You are Here: Home >< Maths

# periodicity in the discrete log algorithm modulo a prime Watch

1. so I was playing around with the discrete log algorithm and found that if we compute

for , then this is periodic with period 13 - wolfram alpha has the values here.

My question is whether this is a coincidence, or is there anything special about 10 and 53?

It also turns out that 4,6,7,9 and 11 are periodic with period 26. obviously periods will divide p-1. I haven't checked any higher bases.

Is something going on here?

(Also considering encryption with Diffie–Hellman is it a weakness if the base you choose is periodic modulo your prime? Is there a way of determining whether it is periodic or not, apart from actually checking?)

I think I might be missing something extremely obvious. anyway. any info would be appreciated, thanks in advance.
2. I've been doing a few more calculations, and it keeps on getting stranger, and it feels like I keep on understanding less.

However I now know after a bit of research that if we choose our prime to be a 'safe prime' i.e. p, s.t. p= 2q+1, where q is prime, then the only possible periods are 1,2,q and p. Ideally we want a period of p, so since periods of 1 and 2 are trivial (bases 1 and (p-1) respectively) we only need to check the value of b^q mod p. if this is congurent to 1, then our base b has periodicity q.

So, experimenting with large primes of this form, for example 1000667=2.500333+1, we have for example, choosing a base of 37997 (which happens to be prime), that 37997^500333 (mod 1000667) is congruent to 1. hence this base may not be appropriate.

then I chose as another example 40009 (also prime) we have 40009^500333 (mod 1000667) is 1000666 or -1, hence 40009 will have period p. or will it? is the value of -1 significant?

i might now take a look at primes of this form in general, then try to look at all bases, and find their periods, and try to see if some patterns emerge.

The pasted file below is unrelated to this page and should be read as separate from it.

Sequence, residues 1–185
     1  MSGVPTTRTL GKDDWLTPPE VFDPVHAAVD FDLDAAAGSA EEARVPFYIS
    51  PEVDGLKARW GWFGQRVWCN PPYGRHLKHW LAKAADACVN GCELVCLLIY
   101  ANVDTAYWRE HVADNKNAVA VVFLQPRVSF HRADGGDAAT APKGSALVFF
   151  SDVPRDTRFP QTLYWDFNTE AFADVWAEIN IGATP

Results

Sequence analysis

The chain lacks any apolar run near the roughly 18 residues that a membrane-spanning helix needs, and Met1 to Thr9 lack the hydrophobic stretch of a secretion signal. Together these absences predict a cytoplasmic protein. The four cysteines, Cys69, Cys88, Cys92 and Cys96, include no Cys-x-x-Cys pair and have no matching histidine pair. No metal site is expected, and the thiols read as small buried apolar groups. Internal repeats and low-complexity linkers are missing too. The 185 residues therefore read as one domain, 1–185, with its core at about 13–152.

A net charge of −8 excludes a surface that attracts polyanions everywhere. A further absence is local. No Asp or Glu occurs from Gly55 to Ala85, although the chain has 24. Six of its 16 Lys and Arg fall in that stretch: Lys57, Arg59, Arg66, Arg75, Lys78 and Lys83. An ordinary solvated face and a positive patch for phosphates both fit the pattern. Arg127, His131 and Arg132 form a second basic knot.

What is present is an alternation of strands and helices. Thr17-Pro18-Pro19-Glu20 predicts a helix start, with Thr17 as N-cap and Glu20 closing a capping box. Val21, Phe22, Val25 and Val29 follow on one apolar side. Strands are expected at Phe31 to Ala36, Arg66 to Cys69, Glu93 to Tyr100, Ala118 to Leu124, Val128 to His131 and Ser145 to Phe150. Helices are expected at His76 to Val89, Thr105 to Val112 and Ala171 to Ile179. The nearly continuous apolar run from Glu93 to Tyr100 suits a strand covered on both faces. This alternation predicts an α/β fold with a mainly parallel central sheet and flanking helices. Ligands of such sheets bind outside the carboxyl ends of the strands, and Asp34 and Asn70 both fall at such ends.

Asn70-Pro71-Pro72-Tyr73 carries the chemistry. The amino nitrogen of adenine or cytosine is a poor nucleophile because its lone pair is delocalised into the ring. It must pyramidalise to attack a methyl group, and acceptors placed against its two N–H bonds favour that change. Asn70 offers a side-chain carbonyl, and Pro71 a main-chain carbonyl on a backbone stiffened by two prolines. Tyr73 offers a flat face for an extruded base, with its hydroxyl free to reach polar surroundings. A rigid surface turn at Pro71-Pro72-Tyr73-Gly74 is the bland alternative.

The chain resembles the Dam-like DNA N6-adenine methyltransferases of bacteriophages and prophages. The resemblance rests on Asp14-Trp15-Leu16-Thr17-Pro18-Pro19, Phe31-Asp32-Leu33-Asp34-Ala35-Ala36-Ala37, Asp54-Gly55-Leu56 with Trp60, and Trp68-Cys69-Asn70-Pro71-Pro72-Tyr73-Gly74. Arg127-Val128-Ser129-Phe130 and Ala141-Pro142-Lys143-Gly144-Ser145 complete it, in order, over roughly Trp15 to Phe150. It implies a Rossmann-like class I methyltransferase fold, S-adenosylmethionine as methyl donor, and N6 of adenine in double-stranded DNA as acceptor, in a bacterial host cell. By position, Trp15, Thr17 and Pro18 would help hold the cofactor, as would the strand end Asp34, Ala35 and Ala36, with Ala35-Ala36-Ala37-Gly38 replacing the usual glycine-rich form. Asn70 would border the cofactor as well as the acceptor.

One thing I was also wondering was whether the discrete log is suitable for pseudorandom number generation? my instinct says no, since each number is exactly dependent on the one before. however given a large enough modulus and, staying with in periodicity, exactly how random are the numbers? i have looked at some statistical tests to determine randomness, but it is complicated. i'm sure there is an answer somewhere.
3. So i've narrowed it down. conjecture: working modulo p, if p-1 =mn, then a^m will be congruent to exactly n different values. (if a is not a multiple of p)

eg if m= p-1, then it will take one value (1) via FLT.

eg working mod 7

7-1 =6 = 2.3

so x^2 will take 3 different values: wolfram alpha (1,2,4)

similarly x^3 will take 2 different values: wolfram alpha (1,-1)

is this a basic corollary of some theorem?

EDIT: p is prime, as before

TSR Support Team

We have a brilliant team of more than 60 Support Team members looking after discussions on The Student Room, helping to make it a fun, safe and useful place to hang out.

This forum is supported by:
Updated: December 4, 2010
Today on TSR

### Oxford grad sues for £1m

Claims damages because he didn't get a first

### Oxford Circus station evacuated

Discussions on TSR

• Latest
• ## See more of what you like on The Student Room

You can personalise what you see on TSR. Tell us a little about yourself to get started.

• Poll
Useful resources

### Maths Forum posting guidelines

Not sure where to post? Read the updated guidelines here

### How to use LaTex

Writing equations the easy way

### Study habits of A* students

Top tips from students who have already aced their exams

## Groups associated with this forum:

View associated groups
Discussions on TSR

• Latest
• ## See more of what you like on The Student Room

You can personalise what you see on TSR. Tell us a little about yourself to get started.

• The Student Room, Get Revising and Marked by Teachers are trading names of The Student Room Group Ltd.

Register Number: 04666380 (England and Wales), VAT No. 806 8067 22 Registered Office: International House, Queens Road, Brighton, BN1 3XE

Reputation gems: You get these gems as you gain rep from other members for making good contributions and giving helpful advice.